Hubble locates new dark spot on Neptune
    June 23, 2016 - The last several Neptune vortices seen by astronomers have exhibited a wide range of sizes and shapes.
    There's a new dark spot on Neptune, the farthest planet from the sun. Astronomers recently confirmed the presence of a dark vortex spinning across the planet's atmosphere after examining imagery collected by the Hubble Space Telescope last month. It's the first Neptune vortex discovered since 1994.

    The high pressure system is accompanied by bright companion clouds. Researchers believe the clouds are formed as the vortex pushes ambient air higher into the atmosphere, forcing gases to freeze into methane ice crystals. "Dark vortices coast through the atmosphere like huge, lens-shaped gaseous mountains," Mike Wong, a researcher astronomer at the University of California, Berkeley, said in a news release. "And the companion clouds are similar to so-called orographic clouds that appear as pancake-shaped features lingering over mountains on Earth."


    Wong led the investigation of Hubble data that yielded the discovery of the new dark spot. Jupiter hosts similar cyclone-like disturbances, but the gas giant's vortices are more uniform and sometimes persist, slowly evolving, for decades. Previous studies have proven Neptune's vortices to be a permanent feature, but the disturbances are shorter-lived.

    The last several Neptune vortices seen by astronomers have exhibited a wide range of sizes and shapes, and have proven to be relatively unstable -- wandering north and south, speeding up and slowing down. Scientists hope further monitoring of Neptune's vortices will illuminate how they originate and the factors that influence their fluctuations.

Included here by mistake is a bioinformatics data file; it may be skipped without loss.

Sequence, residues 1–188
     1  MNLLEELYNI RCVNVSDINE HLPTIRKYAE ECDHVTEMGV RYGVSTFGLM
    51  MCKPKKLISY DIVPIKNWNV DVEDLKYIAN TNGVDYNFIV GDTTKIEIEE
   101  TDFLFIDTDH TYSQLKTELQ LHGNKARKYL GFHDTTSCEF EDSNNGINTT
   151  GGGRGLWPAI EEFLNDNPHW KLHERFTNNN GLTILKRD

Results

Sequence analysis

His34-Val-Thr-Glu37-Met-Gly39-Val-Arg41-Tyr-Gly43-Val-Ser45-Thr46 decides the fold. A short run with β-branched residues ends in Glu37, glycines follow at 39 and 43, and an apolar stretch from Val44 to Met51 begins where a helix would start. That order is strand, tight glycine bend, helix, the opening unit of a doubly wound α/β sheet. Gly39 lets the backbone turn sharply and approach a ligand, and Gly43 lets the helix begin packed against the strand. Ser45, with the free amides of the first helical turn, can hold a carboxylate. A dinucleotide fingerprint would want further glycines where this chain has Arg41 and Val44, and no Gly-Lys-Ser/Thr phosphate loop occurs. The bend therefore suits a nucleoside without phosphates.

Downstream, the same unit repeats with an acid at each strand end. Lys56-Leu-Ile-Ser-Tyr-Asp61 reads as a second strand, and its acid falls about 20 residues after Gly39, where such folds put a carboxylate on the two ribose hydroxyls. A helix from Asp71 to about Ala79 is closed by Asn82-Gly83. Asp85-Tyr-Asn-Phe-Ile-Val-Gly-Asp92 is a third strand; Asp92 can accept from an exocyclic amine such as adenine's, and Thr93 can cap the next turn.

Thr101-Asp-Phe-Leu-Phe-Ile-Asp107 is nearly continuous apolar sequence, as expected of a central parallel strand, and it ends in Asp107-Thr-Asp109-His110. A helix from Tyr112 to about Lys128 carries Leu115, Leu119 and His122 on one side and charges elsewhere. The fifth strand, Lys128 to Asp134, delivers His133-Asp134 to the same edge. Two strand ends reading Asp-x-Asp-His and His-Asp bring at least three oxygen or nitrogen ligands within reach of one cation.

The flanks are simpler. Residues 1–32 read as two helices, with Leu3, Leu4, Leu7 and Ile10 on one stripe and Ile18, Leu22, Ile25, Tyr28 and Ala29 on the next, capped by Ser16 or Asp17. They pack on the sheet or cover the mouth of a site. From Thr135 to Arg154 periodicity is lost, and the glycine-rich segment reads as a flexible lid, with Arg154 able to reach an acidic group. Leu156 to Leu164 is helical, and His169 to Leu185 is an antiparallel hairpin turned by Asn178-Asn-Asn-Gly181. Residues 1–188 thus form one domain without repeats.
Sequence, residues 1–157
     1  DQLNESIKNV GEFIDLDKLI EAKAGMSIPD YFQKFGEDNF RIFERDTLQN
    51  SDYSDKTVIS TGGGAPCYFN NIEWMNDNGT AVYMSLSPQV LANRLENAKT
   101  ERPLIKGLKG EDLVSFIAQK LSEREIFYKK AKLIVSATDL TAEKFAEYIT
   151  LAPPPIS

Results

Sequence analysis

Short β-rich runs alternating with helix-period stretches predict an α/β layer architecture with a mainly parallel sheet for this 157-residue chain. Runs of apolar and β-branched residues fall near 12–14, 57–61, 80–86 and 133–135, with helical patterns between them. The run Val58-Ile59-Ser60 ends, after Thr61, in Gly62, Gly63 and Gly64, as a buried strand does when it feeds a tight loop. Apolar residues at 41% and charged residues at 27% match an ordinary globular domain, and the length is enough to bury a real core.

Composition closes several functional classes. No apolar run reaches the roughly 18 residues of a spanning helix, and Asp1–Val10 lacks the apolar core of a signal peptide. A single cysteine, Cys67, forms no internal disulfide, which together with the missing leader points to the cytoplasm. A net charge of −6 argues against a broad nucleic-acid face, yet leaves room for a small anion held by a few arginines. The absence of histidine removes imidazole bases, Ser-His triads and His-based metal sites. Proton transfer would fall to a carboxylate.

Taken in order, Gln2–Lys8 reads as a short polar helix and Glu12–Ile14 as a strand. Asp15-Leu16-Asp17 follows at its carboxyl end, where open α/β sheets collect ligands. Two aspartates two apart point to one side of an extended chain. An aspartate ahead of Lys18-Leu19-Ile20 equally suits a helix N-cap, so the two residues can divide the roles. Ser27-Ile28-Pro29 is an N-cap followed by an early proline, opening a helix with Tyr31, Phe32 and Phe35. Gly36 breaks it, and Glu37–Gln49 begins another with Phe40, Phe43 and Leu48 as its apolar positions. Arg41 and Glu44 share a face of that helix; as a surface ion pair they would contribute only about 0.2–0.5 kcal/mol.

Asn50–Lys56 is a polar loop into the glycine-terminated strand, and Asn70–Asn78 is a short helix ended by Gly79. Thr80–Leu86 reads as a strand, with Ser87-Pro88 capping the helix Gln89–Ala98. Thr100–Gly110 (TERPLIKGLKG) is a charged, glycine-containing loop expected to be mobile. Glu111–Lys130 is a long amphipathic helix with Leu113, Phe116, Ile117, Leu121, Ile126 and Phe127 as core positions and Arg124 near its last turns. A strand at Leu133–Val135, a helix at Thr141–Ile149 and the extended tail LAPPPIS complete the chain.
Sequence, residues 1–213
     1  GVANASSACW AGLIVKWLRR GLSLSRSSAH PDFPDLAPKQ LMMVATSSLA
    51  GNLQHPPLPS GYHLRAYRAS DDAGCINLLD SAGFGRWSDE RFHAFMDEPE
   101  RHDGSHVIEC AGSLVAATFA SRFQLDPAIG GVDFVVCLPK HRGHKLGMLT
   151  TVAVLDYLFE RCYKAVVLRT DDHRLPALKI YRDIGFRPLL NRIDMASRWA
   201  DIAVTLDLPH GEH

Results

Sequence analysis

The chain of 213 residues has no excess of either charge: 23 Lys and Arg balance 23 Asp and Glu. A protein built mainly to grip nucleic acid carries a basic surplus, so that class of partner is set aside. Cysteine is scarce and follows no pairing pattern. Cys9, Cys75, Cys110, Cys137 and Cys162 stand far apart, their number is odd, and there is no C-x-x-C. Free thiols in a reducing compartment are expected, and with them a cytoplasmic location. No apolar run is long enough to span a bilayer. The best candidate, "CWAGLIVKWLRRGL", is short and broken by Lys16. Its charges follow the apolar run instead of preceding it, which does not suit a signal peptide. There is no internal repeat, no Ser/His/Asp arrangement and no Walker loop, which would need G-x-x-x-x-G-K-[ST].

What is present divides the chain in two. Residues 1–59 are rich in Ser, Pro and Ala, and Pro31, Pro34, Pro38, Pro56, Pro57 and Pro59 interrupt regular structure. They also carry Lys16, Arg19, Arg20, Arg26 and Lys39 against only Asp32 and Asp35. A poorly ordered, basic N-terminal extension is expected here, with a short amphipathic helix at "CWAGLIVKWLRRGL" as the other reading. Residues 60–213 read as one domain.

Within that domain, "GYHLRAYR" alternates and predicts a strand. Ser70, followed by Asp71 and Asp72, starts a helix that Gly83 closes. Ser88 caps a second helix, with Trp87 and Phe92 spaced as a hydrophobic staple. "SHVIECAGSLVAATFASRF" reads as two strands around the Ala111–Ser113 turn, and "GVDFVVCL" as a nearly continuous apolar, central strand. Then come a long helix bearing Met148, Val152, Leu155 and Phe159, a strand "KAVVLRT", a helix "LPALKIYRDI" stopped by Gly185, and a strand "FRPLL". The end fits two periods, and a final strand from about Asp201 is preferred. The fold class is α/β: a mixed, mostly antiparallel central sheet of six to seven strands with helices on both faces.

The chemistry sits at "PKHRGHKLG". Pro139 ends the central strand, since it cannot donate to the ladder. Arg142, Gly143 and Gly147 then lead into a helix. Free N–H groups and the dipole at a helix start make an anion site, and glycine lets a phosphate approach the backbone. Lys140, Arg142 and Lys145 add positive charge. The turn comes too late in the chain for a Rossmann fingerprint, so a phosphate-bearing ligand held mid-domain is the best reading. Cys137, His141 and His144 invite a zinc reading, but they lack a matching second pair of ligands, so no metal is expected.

http://www.upi.com/Science_News/2016...?spt=sec&or=sn
    See also:

    ‘Dark Vortex’ Spotted on Neptune
    June 24, 2016 - The vortex is about the same size as the US
    Astronomers have spotted a “dark vortex” swirling in Neptune’s atmosphere. Using high resolution images captured in May by the Hubble Space Telescope, researchers say the vortex is about the size of the continental United States.

    The vortex is a high pressure system and is accompanied by bright clouds. In 2015, astronomers spotted clouds and later a dark spot nearby. The May 2016 images confirmed the presence of the vortex. "Dark vortices coast through the atmosphere like huge, lens-shaped gaseous mountains," said University of California at Berkeley research astronomer Mike Wong. "And the companion clouds are similar to so-called orographic clouds that appear as pancake-shaped features lingering over mountains on Earth." Vortices on Neptune have been spotted before. In 1989, the Voyager 2 spacecraft saw one, and in 1994, Hubble pinpointed one.


    A dark vortex was spotted on Neptune.

    Astronomers say the vortices “have exhibited surprising diversity over the years, in terms of size, shape, and stability (they meander in latitude, and sometimes speed up or slow down).” They also have relatively short lifespans compared to anticyclones seen on Jupiter, which “evolve over decades. Further study should yield a better understanding about how vortices develop, what causes them to move and how they interact with the environment, researchers said. Neptune is roughly 4.3 billion kilometers from the Sun, and it takes 165 Earth years to make one orbit of the sun.

    http://www.voanews.com/content/mht-d...e/3390910.html

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    Crepitus's Avatar Senior Member
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    Cool info, but as a member of "Friends of Pluto" I must take exception to calling Neptune the farthest planet.
    Ever notice how most people are like Slinkies? They're really kinda useless but they still make you smile when you push them down the stairs.